Against All Logic’s ‘2017-2019’ will put a roof over the heads of EDM fans

Against All Logic

2017-2019

Other People· February 14, 2020


In the follow-up to 2018’s critically acclaimed 2012-2017, Chilean-American producer Against All Logic (real name Nicolas Jaar) provides a crunchy techno complement to the techno-house fusion on the release 2017-2019.

Keeping up the spontaneity of the last album, 2017-2019 was dropped a week after his two song EP Illusions of Shameless Abundance and a particularly noisy set of original cuts on NTS Radio. 

Going into the album, the audience is greeted with the familiar large, bold font with Jaar’s alias and the album’s title emblazoned across, however this time in a searing orange color. As if to act as a primer for the 45 minutes of techno the listener is going to witness, an image of a soldier using an older iPhone with included stock photo watermarking courtesy of Alamy takes center stage. According to Jaar, this image is supposed to represent the album’s general vibe.

The first track, “Fantasy”, lulls you into the sample-heavy style not all-too-different from 2012-2017, this time using Beyonce and Sean Paul’s 2002 track “Baby Boy”. The vocals are chopped and screwed, drowned by Jaar’s favorite method, distortion. The instruments used are off-kilter, with some squeakier synths, arpeggios, and a repetitive record scratch inhabiting the warm-but-metallic soundscape. It is a beautiful cacophony of sounds that is reminiscent but a far cousin from the last record’s opener “This Old House”. Following is the familiar “If Loving You is Wrong”, which has the same, however slower, DNA as its predecessors. 

A definite style switch is seen in “With an Addict”, an ambient, Aphex-Twin-y, breakbeat-ish track based on a very tribal-sounding drum sample and some very minor inclusions of soul vocals. “If You Can’t Do It Good, Do it Hard” is a noisy, punchy banger that features an aggressive section of Lydia Lunch’s “Conspiracy of Women” over booming bass kicks, crunchy snares, and distorted arpeggios. It is undeniably an experiment in what is generally palatable electronic music, with shrill sound effects coming out of nowhere. However it never becomes unbearable, and dare to say adds depth.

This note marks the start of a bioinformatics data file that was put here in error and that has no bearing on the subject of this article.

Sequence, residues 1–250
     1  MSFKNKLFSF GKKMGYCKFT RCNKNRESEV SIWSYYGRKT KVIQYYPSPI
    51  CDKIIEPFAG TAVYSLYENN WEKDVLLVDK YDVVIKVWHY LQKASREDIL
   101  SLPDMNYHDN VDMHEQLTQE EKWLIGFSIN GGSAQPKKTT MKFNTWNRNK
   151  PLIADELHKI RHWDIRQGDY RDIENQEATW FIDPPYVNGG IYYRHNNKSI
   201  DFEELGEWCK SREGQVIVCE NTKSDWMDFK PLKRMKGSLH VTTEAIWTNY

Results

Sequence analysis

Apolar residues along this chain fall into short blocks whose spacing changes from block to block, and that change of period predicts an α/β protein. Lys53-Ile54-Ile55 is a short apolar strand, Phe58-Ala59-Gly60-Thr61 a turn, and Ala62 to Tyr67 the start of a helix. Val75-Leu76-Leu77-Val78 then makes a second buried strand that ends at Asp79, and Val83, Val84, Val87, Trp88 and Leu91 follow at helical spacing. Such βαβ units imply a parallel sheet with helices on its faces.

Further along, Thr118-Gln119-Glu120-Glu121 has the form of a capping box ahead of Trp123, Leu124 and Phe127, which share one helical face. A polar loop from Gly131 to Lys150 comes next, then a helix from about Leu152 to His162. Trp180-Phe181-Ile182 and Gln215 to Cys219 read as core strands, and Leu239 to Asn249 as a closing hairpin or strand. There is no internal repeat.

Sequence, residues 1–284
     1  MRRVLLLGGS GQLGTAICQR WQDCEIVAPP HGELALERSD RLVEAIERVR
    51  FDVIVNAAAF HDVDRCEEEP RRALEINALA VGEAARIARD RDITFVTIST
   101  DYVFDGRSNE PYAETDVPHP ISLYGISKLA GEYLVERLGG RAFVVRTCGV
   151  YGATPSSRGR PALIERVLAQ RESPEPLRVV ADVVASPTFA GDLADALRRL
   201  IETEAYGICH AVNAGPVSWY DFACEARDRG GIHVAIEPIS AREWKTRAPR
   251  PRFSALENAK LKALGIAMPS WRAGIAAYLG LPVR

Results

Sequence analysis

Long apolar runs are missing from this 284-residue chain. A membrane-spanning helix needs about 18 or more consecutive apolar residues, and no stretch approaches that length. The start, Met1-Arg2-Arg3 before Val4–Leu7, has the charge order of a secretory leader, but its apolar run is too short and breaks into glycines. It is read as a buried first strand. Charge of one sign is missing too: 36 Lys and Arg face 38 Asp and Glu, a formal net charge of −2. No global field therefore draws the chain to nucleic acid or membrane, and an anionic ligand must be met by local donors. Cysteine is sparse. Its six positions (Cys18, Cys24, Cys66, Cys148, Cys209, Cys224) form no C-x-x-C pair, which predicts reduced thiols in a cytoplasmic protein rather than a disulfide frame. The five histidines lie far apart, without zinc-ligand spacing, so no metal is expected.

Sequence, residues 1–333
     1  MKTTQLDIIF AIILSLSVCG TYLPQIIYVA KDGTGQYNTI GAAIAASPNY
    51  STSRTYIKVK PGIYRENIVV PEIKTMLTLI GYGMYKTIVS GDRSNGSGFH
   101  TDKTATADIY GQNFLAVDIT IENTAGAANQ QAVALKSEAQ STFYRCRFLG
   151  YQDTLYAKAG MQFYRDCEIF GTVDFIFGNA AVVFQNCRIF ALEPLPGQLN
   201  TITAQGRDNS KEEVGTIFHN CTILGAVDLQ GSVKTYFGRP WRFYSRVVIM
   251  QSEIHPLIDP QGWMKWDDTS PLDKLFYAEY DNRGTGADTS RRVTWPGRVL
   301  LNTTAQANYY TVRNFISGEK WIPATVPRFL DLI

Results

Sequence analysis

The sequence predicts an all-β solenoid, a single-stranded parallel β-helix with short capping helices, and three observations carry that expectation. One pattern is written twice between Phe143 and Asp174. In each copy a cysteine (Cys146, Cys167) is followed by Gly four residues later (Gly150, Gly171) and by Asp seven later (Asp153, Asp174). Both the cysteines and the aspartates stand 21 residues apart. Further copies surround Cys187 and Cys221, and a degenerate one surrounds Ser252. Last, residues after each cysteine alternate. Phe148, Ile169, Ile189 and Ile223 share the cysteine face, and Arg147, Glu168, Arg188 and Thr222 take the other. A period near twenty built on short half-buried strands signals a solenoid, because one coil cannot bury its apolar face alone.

“Alarms” builds a house banger out of an odd, high pitched synth pattern. Jaar uses punchy, distorted bass hits between his signature snares and chime samples. This track flows beautifully into “Deeeeeeefers,” a straight, techno song with some more industrial instrumentals. Metallic bells and feedback-type scraping fills a gorgeous synth baseline covered in spacy, industrial snares. “Faith” takes away the background fuzz, leaving a simple but groovy techno beat that grows into a silent, ambient feedback outro. The following track “Penny” brings back the Aphex Twin, JUSTICE vibes to produce a more uptempo, ethereal club hit. The overarching feedback motif finds its way into the beat as well, providing a deep backing among the widened synths and bell patterns. “You (Forever)” forgets what song structure is, primarily consisting of a single bassline and a plethora of random, shrill effects. The outro, however, is a chilling synth harmonic that brings you down from the album. It has a similar effect to a chime bringing a person back from meditation or having a chair you are sitting in kicked backwards into a bathtub a la Inception.

Fans of industrial, techno, or experimental electronic dance music will find a home in 2017-2019. However, the prominent use of cacophonous, shrill feedback and spooky industrial tones may go over sour with the fans of the more ambient, soulful house of the previous project. People that were looking for more of that style will be undoubtedly confused and maybe a little scared. Each group, however, can enjoy the visual-audio rorschach test of figuring out whether the soldier represents the noise.

 

Listen to 2017-2019:

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